Friday, January 16, 2009

Get a Better Grip

The possibilities for a pun are endless.

A man is taking care of his business in a Centerville, Utah Carl's fast food restaurant restroom when it all goes . . . never mind.  According to the news reports, the toilet "never knew what hit it." The patron of the restaurant was pulling up his britches when the gun fell out of the holster, hit the floor and discharged.

Just to clarify, this was not the gun's fault.  The gun could no more resist the pull of gravity than we can.  This was not a failure of gun control, at least not in the usual sense.  This was a failure of the holster to properly control the gun.

Carrying a handgun requires a "package" deal.  You have to comply with legal requirements.  You have to purchase a reliable gun.  You have to purchase a sturdy belt, and finally, you have to purchase a quality holster.

When I made the decision to carry a handgun, it was critically important that I purchase a good holster.   I needed a holster that would hold the gun securely.  The first holster I purchased was the "Split Decision" from High Noon Holsters.  This was a soft holster with a "Chicago screw" to hold the gun in place.  This holster worked well, but I wanted something that would remain open even after I removed the gun.  That's when I purchased the Don Hume holster I current use, the H715-M.  This holster does not use the Chicago screw, but is boned, or molded, to the specific model pistol it is intended for.  The molding of all the gun's contours serves to hold the gun securely.  This one has worked perfectly.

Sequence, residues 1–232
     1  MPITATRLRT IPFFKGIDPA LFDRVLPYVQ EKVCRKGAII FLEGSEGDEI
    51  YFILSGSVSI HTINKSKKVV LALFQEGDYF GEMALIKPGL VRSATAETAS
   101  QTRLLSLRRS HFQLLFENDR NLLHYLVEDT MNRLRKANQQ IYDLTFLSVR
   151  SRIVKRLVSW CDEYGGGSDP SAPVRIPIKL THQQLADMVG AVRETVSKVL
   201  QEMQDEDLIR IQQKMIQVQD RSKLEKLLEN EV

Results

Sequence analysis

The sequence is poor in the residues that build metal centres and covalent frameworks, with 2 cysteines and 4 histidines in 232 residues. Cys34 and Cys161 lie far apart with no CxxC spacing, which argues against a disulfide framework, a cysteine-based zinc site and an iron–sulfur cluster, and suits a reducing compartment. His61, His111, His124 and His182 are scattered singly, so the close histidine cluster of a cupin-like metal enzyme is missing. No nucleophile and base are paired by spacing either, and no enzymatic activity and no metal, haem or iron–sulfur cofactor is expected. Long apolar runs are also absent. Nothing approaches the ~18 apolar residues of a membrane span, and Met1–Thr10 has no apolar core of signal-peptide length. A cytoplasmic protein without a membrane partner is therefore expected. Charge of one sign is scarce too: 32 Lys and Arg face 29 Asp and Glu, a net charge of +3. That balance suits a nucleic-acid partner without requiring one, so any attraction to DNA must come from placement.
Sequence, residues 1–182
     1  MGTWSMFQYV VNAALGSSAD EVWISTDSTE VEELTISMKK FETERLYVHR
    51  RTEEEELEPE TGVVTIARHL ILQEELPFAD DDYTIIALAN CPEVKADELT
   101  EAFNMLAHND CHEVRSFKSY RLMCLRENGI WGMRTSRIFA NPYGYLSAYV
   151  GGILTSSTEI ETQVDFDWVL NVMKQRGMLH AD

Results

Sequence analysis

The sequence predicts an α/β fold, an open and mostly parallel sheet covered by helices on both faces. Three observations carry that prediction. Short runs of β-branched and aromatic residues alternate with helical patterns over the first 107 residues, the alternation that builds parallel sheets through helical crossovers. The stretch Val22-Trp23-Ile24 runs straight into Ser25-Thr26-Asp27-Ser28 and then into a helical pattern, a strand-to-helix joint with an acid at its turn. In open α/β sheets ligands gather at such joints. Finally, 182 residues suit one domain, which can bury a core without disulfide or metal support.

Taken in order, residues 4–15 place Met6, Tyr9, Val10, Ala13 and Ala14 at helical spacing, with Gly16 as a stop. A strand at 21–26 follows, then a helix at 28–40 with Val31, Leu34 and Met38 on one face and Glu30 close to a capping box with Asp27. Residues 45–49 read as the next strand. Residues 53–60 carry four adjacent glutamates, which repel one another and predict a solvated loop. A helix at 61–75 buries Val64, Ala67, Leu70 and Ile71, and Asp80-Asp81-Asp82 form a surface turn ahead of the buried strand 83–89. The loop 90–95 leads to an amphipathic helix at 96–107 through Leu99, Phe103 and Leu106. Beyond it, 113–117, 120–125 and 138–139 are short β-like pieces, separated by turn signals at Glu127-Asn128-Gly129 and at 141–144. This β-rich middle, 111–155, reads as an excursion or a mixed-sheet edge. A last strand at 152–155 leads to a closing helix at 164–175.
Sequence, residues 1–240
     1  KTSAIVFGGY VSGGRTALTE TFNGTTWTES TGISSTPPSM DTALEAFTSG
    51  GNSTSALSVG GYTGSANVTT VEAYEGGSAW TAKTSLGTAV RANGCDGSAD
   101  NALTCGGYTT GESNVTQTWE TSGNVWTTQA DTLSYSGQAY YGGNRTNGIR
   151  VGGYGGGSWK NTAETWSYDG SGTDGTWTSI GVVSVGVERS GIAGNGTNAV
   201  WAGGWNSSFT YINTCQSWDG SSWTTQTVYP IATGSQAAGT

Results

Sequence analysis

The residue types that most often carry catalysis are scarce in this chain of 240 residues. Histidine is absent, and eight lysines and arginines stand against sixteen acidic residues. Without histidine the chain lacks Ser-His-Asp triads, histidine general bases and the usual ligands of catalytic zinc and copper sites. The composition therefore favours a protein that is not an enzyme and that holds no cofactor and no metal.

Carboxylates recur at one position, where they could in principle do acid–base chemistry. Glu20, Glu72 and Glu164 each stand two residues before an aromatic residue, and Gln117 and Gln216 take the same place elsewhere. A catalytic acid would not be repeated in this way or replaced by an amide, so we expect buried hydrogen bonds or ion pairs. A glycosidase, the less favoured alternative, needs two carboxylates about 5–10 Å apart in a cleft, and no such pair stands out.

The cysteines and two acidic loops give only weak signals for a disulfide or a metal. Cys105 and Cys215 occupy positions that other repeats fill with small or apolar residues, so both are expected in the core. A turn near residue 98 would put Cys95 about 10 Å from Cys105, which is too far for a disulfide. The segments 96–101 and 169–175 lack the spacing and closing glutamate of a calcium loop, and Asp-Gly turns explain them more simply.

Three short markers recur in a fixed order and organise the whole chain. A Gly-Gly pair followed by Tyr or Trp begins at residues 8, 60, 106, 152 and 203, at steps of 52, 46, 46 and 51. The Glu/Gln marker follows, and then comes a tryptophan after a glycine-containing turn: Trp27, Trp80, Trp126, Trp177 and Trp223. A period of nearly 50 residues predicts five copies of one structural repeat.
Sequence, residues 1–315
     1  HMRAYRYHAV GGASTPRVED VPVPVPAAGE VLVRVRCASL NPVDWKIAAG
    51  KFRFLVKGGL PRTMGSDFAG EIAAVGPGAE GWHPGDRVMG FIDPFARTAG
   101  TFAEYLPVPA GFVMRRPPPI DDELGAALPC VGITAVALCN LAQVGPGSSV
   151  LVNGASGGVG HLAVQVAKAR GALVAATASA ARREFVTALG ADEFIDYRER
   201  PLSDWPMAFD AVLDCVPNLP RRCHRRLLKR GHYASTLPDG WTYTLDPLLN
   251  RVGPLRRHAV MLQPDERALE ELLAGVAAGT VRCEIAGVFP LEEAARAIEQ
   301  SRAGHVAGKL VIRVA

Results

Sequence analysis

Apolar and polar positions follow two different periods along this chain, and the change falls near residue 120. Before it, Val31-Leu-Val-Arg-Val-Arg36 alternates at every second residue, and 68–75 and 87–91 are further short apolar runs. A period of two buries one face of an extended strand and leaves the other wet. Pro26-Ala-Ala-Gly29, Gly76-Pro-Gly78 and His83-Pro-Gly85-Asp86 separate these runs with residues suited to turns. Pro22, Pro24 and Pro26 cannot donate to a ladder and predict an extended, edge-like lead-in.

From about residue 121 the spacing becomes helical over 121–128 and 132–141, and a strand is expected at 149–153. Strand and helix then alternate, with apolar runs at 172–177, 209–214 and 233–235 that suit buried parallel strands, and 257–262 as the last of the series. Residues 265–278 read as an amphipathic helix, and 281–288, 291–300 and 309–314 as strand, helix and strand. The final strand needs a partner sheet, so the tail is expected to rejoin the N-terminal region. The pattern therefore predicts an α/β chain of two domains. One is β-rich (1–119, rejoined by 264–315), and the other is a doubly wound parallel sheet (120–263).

As an experiment, I hung my pistol from the holster, fully loaded with snap caps, upside down, for more than 30 minutes.  It never budged.  I shook the chairs that were holding the belt . . . nothing.  

If you look closely at the holster, you can see a scuff mark on the edge, near the pistol's grip, across from the safety/decocker lever.  That happened when I was playing catch with both of my daughters.  My youngest threw the ball way to my right.  I dove for the ball, ran out of grass, didn't see the hole, and fell.  I flipped, rolled over on to my gun side and slid for a few feet.  The gun never budged and stayed securely in the holster.

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